context and condemnation in a transcendental context. Explicit
praise of the performance of military actions come from mundane
figures, such as kings, warriors, backsliding monks, and even
the Bodhisatta. Condemnation and avoidance of military actions
come from transcendental figures, such as the Buddha, arahants,
monks, and from the Bodhisatta, kings, warriors, etc., who have
realized the truth of the world from a Buddhist point of view.
Since the transcendental ultimately has precedence, the final
opinion of the Pali Canon toward the military must be said to
be a negative one.
the implicit praise surrounding the military as expressed in
the metaphor Nibbanic Action is War can be reconciled under
this distinction. Since the transcendental was the unknown,
the Buddha had no choice but to refer to the mundane in an attempt
to make the transcendental understood. The metaphor must be
thought of in the same way as all the other training: it is
a raft to take you to the other side, but once you arrive you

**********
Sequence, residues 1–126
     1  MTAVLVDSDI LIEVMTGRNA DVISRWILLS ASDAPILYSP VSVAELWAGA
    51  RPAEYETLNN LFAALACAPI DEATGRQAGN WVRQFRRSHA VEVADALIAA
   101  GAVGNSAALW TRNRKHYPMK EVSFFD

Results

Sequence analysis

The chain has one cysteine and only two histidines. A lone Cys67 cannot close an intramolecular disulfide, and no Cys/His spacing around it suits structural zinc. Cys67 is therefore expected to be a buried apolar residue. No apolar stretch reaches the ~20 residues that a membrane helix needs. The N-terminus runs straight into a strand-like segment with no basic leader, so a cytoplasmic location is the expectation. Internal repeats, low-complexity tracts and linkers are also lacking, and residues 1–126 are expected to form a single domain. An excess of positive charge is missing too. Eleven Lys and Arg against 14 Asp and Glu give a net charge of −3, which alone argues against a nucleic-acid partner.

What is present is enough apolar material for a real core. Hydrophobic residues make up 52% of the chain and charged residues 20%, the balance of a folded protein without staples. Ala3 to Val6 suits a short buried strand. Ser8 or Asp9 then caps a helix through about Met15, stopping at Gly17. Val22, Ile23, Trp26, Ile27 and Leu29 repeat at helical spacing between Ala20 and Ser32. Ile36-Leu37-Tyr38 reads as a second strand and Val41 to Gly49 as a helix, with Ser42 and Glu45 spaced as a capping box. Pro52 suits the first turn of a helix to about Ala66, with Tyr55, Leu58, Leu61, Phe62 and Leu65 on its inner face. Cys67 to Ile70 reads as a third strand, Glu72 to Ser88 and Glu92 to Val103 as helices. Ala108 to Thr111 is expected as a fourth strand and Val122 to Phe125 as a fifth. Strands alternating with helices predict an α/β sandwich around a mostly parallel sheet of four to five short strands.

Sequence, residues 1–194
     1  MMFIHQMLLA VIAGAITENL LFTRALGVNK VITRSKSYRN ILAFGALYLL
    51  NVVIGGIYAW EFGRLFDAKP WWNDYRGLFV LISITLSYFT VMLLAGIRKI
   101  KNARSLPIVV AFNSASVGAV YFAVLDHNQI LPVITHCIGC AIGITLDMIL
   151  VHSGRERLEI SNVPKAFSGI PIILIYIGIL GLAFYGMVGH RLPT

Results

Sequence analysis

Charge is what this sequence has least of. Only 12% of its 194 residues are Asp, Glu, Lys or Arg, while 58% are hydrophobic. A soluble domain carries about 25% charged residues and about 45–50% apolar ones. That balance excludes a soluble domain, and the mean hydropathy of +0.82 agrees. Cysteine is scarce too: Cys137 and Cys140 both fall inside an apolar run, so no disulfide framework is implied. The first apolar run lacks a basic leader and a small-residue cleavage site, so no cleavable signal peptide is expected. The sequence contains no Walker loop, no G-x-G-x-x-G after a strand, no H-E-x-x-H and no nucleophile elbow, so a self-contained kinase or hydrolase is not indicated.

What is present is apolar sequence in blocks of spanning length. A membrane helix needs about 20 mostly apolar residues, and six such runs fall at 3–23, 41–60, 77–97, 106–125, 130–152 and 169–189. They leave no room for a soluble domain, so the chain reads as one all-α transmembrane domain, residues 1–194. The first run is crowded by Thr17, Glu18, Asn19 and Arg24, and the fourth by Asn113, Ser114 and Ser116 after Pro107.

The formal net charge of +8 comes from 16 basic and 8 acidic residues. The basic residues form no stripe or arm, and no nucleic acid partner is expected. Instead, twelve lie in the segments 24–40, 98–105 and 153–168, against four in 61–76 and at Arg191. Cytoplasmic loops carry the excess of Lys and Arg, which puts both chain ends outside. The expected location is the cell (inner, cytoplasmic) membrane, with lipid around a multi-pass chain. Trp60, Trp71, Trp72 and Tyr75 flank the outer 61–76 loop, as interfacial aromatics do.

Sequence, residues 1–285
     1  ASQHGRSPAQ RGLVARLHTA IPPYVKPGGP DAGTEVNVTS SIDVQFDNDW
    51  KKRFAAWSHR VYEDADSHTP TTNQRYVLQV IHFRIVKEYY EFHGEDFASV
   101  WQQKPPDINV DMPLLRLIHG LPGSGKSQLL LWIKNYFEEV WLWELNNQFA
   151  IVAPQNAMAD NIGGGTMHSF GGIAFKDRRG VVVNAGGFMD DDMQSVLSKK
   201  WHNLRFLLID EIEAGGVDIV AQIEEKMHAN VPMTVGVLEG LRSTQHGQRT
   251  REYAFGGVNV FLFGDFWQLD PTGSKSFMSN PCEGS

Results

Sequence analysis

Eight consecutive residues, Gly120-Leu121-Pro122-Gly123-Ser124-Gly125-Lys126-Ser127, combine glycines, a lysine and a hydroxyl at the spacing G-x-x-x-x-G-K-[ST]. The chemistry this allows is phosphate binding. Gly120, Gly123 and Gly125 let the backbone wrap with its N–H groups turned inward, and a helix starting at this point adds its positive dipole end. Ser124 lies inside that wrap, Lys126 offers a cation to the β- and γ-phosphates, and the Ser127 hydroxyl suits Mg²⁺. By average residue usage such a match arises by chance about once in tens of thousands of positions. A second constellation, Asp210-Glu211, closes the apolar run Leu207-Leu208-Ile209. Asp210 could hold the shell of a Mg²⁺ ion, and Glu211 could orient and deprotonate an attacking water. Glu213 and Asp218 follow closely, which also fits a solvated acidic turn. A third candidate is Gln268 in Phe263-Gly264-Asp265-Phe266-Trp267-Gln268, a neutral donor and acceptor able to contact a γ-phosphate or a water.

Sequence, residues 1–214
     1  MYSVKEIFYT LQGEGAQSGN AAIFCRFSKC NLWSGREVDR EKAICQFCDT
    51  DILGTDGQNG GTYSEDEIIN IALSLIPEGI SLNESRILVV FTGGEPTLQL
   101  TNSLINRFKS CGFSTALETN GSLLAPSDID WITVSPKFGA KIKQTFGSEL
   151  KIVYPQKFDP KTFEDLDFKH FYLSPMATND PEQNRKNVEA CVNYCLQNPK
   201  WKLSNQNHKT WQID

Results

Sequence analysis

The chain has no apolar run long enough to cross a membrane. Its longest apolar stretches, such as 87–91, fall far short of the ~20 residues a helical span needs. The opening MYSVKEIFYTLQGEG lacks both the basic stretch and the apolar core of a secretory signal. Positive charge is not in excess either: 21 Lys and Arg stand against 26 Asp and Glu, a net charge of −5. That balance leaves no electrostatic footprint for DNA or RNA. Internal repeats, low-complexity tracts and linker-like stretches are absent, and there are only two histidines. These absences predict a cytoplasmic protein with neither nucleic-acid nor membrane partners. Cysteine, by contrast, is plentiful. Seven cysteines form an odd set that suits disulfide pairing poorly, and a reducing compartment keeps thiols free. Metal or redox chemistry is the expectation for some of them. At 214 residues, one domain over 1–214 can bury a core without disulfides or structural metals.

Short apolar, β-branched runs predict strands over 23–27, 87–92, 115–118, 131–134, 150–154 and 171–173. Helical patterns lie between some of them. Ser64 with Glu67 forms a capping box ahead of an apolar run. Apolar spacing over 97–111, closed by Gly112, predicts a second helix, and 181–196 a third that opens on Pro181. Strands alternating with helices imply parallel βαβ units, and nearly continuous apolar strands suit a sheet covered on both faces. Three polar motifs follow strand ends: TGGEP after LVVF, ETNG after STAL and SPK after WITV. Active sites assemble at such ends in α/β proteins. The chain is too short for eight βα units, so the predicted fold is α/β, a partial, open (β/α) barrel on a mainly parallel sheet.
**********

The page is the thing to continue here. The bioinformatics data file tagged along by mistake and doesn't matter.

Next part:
do not carry it along, you must leave it behind. Yet, the question
remains as to why a militaristic reference point was chosen
for a pacific mode of behavior. I propose two main reasons in
partial explanation for this choice. First, the aforementioned
difficulties of performing Path actions. Only success under
the most difficult mundane circumstances could be equated with
striving for nibbana -- success in battle filled this perfectly.
Second, since the Buddha and many monks were kshatriya, they
were trained from infancy to consider war to be their natural
calling, their dharma (sanskrit). Thinking of a difficult challenge
in a military sense would have been second nature for these
a final note, what did all this mean for a kshatriya of the
era, and what has it meant for Buddhist soldiers through the
ages? Any Buddhist soldier conversant in the Pali Canon's references
to the military cannot have been or now be reassured about his
profession. However, again there is a positive side. These soldiers
can look at the various Jataka stories telling of the Buddha
and future arahants victorious in battle and the rewards obtained
therefrom. Other sutta and passages also express a favorable
attitude toward the military, and the Buddha himself recognized
the necessity of an army when he banned fighting-men in the